It is an intuitive approach to life that when the chips are down and when a government appears dysfunctional because a number of its cabinet ministers are ignorant of their duties and responsibilities, we tend to miss those who we had earlier characterized as famed thieves and a bully squad startlingly bereft of intellectual depth. In other words, it is easy to be tempted by nostalgia, which is why the past always seems sweeter than the present.
A measure of this rotten nostalgia in Botswana is that the immediate past administration was a better devil than the current regime. This is symptomatic of low-effort thinking in politics that account for our belief that the generation of political heavyweights who passionately upheld the concept of public duty has long passed and in came venerated thieves. This would mean that the mob making up the current administration will also be considered to have been good after they left office.
It is widely held that in the previous administration, political advancement in terms of appointment to cabinet positions depended on some stupefying level of loyalty to the president hence the appointment of hooligans with no talent except for making mischief on behalf of the president.
An overriding conclusion was that there was no independent thinking, no seriousness or just a semblance of moderating pragmatism. Cabinet meetings resembled a parade of a team of adult mischief makers and an exhibition of talented adult hecklers. As a result, the public has lost respect for ministers of government. The upshot of this is that new cabinet ministers had to shoulder the burden of having to navigate the misadventure of being inexperienced.
Since voters now hold cabinet ministers in low esteem, exaggerated affection and defense of the president is seen as rampant sycophancy that results in ministers abdicating their responsibilities.
Yet, this was the hallmark of the immediate past administration, which we now seem to crave, wherein intellectually bereft cabinet ministers excelled at getting angry on behalf of the president. And for the very reason that the president disliked sharing the limelight with his crew, he made sure that his cabinet composed of people who occasionally forgot that they belong to the human race.
The lack of depth in the squad that passed as the executive branch of the government meant that President Dr Khama posed as a big beast, a ruthless Machiavellian who did a better job than the dancing crew that often tried to work hard but appeared out of depth.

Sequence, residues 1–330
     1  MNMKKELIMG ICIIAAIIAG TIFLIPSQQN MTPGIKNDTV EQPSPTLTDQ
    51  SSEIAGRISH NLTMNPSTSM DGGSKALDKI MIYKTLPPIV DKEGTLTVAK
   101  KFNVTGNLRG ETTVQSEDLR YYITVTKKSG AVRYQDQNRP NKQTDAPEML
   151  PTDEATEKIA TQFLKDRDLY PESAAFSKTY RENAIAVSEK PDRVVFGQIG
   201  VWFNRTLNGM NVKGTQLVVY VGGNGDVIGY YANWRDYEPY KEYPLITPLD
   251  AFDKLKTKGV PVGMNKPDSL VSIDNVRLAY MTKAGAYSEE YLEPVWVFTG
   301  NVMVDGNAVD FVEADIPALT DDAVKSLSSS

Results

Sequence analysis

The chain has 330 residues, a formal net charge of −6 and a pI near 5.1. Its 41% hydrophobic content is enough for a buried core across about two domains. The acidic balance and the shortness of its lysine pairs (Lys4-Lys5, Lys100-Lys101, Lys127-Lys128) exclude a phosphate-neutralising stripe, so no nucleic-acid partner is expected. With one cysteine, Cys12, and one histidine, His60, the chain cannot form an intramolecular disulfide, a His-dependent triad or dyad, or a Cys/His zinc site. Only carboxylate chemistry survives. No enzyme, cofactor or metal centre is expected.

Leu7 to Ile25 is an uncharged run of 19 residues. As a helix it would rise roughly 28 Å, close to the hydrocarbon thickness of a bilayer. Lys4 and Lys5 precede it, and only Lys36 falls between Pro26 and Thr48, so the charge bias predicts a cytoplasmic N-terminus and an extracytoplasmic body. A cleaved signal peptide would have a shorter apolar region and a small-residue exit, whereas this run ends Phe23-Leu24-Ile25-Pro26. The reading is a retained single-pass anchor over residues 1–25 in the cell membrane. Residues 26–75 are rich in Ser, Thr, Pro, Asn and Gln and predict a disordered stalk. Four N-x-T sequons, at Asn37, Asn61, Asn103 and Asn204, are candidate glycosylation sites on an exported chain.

So when current President Dr Masisi deviated from the norm of appointing small-minded delinquents to head government ministries, some of us felt relieved that we have been spared another installment of a circus crew.
So when the news space was filled up with frightening stories about allegations of widespread rigging at the polls and the ghastly prospects of the courts invalidating the vote and throwing the country into turmoil, we nevertheless drew some comfort from the quality of people who have benefited from an allegedly stolen election and constituting the executive branch.
We delighted in a cabinet made up of specialists and experts with solid background in finance, educational leadership, public administration, law, health, physical and chemical sciences, animal health, agricultural economics, computer hacking and of course various qualifications.
To add cherry on top and complete the jigsaw puzzle, these specialists were matched with ministerial portfolios to somewhat complete the jigsaw puzzle.
Many of us were filled with pride that instead of constituting an obedient cabinet and instead of appointing someone to cabinet for their lack of education, President Masisi surrounded himself with people of substance who have distinguished themselves before crossing over to politics.
Until COVID-19 pandemic laid bare their limitations especially their lack of experience in government operations, the predominantly youthful group was boisterous, impressive and a source of inspiration.
Their educational qualifications filled for their lack of governmental experience and for a while many were convinced that this was a cabinet notable for its intellectual value and youthful exuberance. It was not and isn’t a cabinet that has been appointed to do what it is told to but a cabinet of high principle, a mixture of intellect and oratorical genius.
Then came COVID-19, in particular, the order for people to stay home and the quarantining of those requiring to be placed in separate locations for obvious reasons.